SBCTC NEWS LINKS | Articles about – and of interest to – Washington state community and technical colleges
SYSTEM NEWS | OPINIONS
States shake up adult education to help low-skilled workers
Researchers at Georgetown University estimate that by 2018, nearly two-thirds of U.S. jobs will require some education or training beyond a high school diploma but not necessarily a bachelor's degree. But large swaths of the U.S. labor force lack the basic math and language skills needed to enroll in postsecondary education courses and the career-training programs that many specialized jobs require. Many who try to overcome these deficiencies through under-funded adult basic-education classes endure waiting lists or end up leaving before completing the courses.
… "What we're trying to do is get away from these long sequences where they're stuck in a traditional adult basic-education program for a year or longer, and only when they get their GED are they permitted to enroll in college. There are adult learners that we can double down on and essentially wipe out months of their time and effort by doing two things at once," said Barbara Endel, the program director at Jobs for the Future, a Boston-based national nonprofit organization that's helping states revise their adult-education programs.
Studies have found that when low-skilled adults get career skills and remedial education at the same time, they're more likely to stick with the course work. That's partly because they can envision the immediate benefits of their efforts, said Endel, of Jobs For the Future.
… Merging job training and literacy skills was pioneered in Washington state in 2004 through Integrated Basic Education and Skills Training. Designed to serve the state's growing non-English-speaking immigrant community, I-BEST offered English as a Second Language and vocational training simultaneously. Once a pilot program at 10 community colleges, I-BEST now operates in all 34 of Washington state's community and technical colleges. Evaluations have found that I-BEST students were 15 times more likely to complete their job training than other students with similar deficiencies in standard adult education programs were.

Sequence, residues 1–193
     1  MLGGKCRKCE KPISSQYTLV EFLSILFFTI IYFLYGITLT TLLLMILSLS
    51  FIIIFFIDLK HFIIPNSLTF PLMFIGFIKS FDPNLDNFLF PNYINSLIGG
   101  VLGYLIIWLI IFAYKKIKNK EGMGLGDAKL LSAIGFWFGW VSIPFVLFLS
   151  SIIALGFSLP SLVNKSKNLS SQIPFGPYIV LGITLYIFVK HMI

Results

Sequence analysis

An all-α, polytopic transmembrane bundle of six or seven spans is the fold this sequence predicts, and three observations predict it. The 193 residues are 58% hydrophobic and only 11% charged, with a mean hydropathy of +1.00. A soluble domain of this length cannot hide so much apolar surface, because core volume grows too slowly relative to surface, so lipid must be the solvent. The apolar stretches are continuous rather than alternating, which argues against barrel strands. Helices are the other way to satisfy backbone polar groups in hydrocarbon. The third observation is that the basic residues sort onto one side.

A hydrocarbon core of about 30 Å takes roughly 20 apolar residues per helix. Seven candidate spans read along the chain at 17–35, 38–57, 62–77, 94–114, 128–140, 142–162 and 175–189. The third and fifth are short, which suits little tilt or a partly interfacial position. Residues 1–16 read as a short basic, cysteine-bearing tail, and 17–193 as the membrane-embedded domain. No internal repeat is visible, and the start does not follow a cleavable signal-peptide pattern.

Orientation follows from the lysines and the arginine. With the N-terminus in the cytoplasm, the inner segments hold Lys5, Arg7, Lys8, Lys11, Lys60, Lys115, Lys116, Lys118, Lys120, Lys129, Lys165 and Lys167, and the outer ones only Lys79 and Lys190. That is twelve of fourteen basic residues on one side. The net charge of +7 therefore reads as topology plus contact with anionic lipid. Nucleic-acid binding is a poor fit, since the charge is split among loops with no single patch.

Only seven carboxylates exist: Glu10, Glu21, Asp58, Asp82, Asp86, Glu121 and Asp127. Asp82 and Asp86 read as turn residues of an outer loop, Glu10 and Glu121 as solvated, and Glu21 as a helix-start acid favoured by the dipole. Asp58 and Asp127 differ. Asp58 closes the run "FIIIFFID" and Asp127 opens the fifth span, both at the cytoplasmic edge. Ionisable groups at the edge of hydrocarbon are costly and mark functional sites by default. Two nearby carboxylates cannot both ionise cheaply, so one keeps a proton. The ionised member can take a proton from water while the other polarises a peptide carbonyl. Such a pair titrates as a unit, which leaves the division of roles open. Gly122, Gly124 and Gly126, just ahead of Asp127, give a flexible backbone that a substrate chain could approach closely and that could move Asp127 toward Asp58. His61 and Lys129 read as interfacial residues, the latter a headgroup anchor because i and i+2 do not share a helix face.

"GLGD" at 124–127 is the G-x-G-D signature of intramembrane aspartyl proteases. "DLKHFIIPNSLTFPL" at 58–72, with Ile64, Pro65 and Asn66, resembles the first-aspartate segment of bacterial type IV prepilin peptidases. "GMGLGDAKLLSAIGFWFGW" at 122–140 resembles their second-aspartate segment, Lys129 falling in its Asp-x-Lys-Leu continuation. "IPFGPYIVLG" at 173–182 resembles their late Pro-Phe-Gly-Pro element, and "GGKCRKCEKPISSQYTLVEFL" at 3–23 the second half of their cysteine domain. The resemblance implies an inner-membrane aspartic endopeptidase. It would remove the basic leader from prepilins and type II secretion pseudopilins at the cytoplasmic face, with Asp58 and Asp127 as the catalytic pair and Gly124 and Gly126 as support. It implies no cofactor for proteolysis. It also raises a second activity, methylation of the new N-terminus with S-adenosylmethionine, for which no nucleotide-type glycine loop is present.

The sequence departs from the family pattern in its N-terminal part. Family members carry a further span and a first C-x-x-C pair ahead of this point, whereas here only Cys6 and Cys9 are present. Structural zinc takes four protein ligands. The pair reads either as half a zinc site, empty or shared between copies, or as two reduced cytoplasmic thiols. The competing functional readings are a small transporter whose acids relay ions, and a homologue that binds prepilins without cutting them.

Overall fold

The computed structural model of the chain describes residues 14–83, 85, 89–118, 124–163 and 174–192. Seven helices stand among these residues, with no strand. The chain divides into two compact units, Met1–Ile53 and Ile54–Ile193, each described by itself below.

McClatchy News, February 6, 2012
Public invited to help plan for EvCC’s future
Mukilteo Beacon, March 22, 2012
College students to search Japanese Gulch for artifacts
Archaeology students from EdCC and EvCC will participate in an excavation in Mukilteo's Japanese Gulch. Edmonds and Everett community colleges plan to offer archaeology classes this summer with a rare opportunity for students to work on a real local dig.
The Herald, March 23, 2012
TRENDS| HORIZONS | EDUCATION
Hispanics are crucial to college completion goals
Washington Post, March 23, 2012
Disability Lifeline Saves More Money Than It Costs
The Stranger, March 22, 2012
POLITICS | LOCAL, STATE, NATIONAL
Officials explore accounting change to fix budget
Everett Herald, March 22, 2012
FRIDAY LITE NEWS
'Hi! I'm a Nutria' ~ In an animated short, a rodent in Washington State defends criticism that he is an invasive species and asks humans, "How long does it take to become a native?"
Today’s Lites courtesy of loyal readers and contributors.
Compiled by the Washington State Board for Community & Technical Colleges
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Sherry Nelson | communications and outreach associate
Washington State Board for Community & Technical Colleges
1300 Quince St SE · PO Box 42495 · Olympia WA 98504-2495
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